Is Parking Back?


Is Parking Back?

Is parking back? Will the recovery be a “V” or a lopsided “S”? The answers to these questions mean jobs, profit, and, in some cases, survival. Parking Today reached out to industry leaders and received encouraging news. In some cases, it was counterintuitive.

An owner in Chicago, for instance, is seeing parking in his facilities at 65 percent of normal. Not too shabby considering that two months ago it was in the single digits. This is in the face of only about 35 percent of the office workers that feed his garages have returned to work. “It’s fear of riding the trains,” he said. Many of those coming to work are driving and helping in the garage occupancy.

The vast majority of workers in downtown Chicago ride the Metra. And most of them, who are coming to work, are now driving. “We have companies we have never heard of calling up and asking for parking spaces.”

Of course, his garage in Galveston that supports the cruise ship industry is a different story. “We haven’t parked a car since March, and probably won’t until the fall.”

Chicago’s experience may be different from Los Angeles, where rapid transit is not so pervasive, however operators, particularly in the hospitality end of the spectrum are seeing an uptick. We are told that high-end destination hotels near the beach are selling out and people aren’t taking Uber and Lyft, but driving themselves, and that’s good news for the valet industry. Hotels that cater to the business traveler don’t see the same kind of increase. They will be slower to rebound.

Smarking reports the following: The rebound is happening slowly but surely. Miami commuter parking was back to almost 70 percent of same time last year, Austin 60 percent+, Boston 60 percent, Chicago 50 percent+; On street parking has been back to 50 percent for
4 weeks nationwide, and online parking searching is back to
50 percent.

The bottom dropped out on the 15th of March. We are now four months into this (I know it feels like four years) and things are turning around. If we can just keep our betters from screwing it up, we will come out just fine.

Have you ever noticed that sometimes it’s the ‘little things’ that really get under your skin? Minor inconveniences or simply things that catch your attention that bug you. For instance:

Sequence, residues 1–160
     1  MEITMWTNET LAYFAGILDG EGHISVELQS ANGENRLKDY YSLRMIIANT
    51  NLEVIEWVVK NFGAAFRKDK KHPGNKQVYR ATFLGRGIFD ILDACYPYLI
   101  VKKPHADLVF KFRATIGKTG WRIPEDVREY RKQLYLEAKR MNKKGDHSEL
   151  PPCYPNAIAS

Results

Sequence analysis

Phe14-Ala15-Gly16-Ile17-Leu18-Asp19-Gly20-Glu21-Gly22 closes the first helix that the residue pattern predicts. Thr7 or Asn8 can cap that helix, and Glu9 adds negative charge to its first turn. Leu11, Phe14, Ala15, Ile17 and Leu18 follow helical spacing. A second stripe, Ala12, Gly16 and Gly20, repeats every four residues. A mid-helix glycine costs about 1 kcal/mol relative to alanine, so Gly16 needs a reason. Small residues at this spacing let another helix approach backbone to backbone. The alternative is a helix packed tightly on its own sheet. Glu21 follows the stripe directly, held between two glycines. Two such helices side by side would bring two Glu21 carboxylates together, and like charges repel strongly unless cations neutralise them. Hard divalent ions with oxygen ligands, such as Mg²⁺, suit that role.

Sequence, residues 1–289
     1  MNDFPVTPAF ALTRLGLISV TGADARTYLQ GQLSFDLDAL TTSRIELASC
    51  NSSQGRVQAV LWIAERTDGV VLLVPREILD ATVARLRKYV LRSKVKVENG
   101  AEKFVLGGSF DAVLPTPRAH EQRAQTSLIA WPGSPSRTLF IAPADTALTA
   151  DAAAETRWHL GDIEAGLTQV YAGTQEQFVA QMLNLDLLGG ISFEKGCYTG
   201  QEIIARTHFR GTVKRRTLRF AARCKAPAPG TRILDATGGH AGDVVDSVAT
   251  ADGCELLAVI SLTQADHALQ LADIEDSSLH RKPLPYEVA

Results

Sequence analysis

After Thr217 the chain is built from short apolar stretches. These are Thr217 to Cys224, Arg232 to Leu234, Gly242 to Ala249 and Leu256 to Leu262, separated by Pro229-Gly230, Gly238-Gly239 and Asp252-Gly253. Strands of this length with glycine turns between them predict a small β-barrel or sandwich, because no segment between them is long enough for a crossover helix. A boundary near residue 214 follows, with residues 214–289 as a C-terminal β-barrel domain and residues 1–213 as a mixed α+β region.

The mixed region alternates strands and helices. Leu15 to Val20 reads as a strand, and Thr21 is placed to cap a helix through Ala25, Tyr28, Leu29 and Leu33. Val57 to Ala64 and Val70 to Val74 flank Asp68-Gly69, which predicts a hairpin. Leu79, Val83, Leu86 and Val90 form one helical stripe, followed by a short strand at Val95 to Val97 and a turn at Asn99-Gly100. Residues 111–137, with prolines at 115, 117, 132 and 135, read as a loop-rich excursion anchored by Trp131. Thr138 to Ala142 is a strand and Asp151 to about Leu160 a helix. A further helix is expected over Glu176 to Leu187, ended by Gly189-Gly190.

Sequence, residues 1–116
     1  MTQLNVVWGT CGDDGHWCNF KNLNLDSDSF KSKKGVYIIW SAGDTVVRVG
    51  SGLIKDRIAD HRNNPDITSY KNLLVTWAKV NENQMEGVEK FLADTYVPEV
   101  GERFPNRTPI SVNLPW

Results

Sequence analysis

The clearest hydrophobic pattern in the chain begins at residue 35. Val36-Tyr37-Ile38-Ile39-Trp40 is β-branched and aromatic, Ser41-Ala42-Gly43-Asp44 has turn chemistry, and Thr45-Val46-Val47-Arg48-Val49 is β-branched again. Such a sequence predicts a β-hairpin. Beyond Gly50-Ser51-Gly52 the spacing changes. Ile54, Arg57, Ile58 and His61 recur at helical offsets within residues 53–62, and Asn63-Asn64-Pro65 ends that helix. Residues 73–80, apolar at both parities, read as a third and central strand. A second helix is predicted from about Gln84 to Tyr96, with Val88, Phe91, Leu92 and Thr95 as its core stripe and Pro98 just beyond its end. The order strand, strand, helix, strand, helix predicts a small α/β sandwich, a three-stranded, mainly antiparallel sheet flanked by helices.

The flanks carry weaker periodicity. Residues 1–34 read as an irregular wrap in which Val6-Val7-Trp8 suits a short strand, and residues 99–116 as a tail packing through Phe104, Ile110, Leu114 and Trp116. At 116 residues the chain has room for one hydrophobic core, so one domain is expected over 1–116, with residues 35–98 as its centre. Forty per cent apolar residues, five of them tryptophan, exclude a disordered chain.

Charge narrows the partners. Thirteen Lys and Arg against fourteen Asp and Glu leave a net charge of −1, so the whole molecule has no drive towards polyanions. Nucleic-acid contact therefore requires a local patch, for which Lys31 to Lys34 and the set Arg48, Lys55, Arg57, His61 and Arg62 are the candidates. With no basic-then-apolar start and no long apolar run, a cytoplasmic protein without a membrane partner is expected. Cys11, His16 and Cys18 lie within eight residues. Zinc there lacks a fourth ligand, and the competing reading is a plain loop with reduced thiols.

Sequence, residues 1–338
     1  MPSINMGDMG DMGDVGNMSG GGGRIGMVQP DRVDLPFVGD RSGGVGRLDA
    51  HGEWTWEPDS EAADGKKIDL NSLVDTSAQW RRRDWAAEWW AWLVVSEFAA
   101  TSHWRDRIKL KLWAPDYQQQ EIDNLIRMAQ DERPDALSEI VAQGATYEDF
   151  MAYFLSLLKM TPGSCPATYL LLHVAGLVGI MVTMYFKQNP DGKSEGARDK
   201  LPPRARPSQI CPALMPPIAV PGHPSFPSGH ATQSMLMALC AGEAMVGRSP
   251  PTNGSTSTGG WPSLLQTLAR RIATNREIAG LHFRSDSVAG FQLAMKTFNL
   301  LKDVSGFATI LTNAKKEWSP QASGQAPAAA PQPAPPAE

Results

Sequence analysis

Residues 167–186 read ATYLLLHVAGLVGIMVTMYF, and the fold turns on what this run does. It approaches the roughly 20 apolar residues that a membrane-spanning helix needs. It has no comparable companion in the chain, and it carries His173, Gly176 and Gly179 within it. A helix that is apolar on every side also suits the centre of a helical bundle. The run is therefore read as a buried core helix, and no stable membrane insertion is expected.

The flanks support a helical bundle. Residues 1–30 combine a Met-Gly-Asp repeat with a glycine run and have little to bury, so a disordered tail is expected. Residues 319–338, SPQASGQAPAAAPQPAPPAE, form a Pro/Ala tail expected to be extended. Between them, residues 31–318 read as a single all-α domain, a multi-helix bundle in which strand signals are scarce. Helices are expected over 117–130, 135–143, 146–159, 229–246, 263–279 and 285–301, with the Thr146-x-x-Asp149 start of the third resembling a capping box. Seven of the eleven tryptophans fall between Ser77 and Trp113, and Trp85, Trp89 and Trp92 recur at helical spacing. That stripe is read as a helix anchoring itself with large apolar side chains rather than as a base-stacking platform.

When I sit in our living room, I look out the window and see a short palm tree. One of the fronds is yellow and dying. It needs to be cut off. I have been staring at it for months and thinking about it, but have done nothing. The other day I put down my book, got a saw, and went out and cut the damn thing off. Took maybe four minutes. Now I can look out my window and not see that damn frond. My world is a better place.

For at least the past three years, my shower has had a slow running drain. I have tried everything – you know, snakes, Drano, clearing out hair, and nothing seemed to help. Finally, it got so bad I couldn’t clear it and I called a plumber. Half an hour and $75 later and I have a clear running drain. No water backing up, no standing in soapy water. Life is good. I actually stand there and watch the water circle the drain. It’s wonderful. Why didn’t I call the plumber three years ago?

We have a princess flower tree in our back yard. It has been leaning over so badly I have had to tie it up to the garage, but it was still leaning and looking like it should be removed. Finally, I simply took a board, placed it under a branch, and now it is getting straighter. Once a week I move the board a bit and by the end of summer, I’ll have a straight tree. Dollars invested $0; Time invested 4 minutes.

We have a gizmo on our TV so Robyn can listen without bothering me, and another gizmo so I can hear through my hearing aids when I want to. However, to make this happen, I had to create a series of wires and connections that look roughly like the snakes in the Well of Souls in Raiders of the Lost Ark. The problem is that there was a bad cable. Every time the cleaning lady came (once a week) she dusted around there, and the gizmos didn’t work. I would shake the wires and it would start to work again. Finally, I decided to fix it. I was able to determine which one of the cables was bad. Also, that much of the snake pit was unnecessary. I went into my box of cables, found the ones needed, and replaced everything. Time taken, 20 minutes. Money $0. All is right with the TV world.

There are probably a dozen more of these ‘little things’ around. But I will tell you, fixing the four above has made the quality of my life much greater. These are minor changes. They took no time and very little money. I’m going to start on the car next. Probably take a small investment, but it will be worth it.

These weren’t things I dwell on, but things that when I saw them, they bugged me. Now they don’t. I know you probably fix things like this as a matter of course. More power to you. Fixing little things is easy and important. It gives you time to think about more important things. It only took me three quarters of a century to figure that out.

Article contributed by:
John Van Horn
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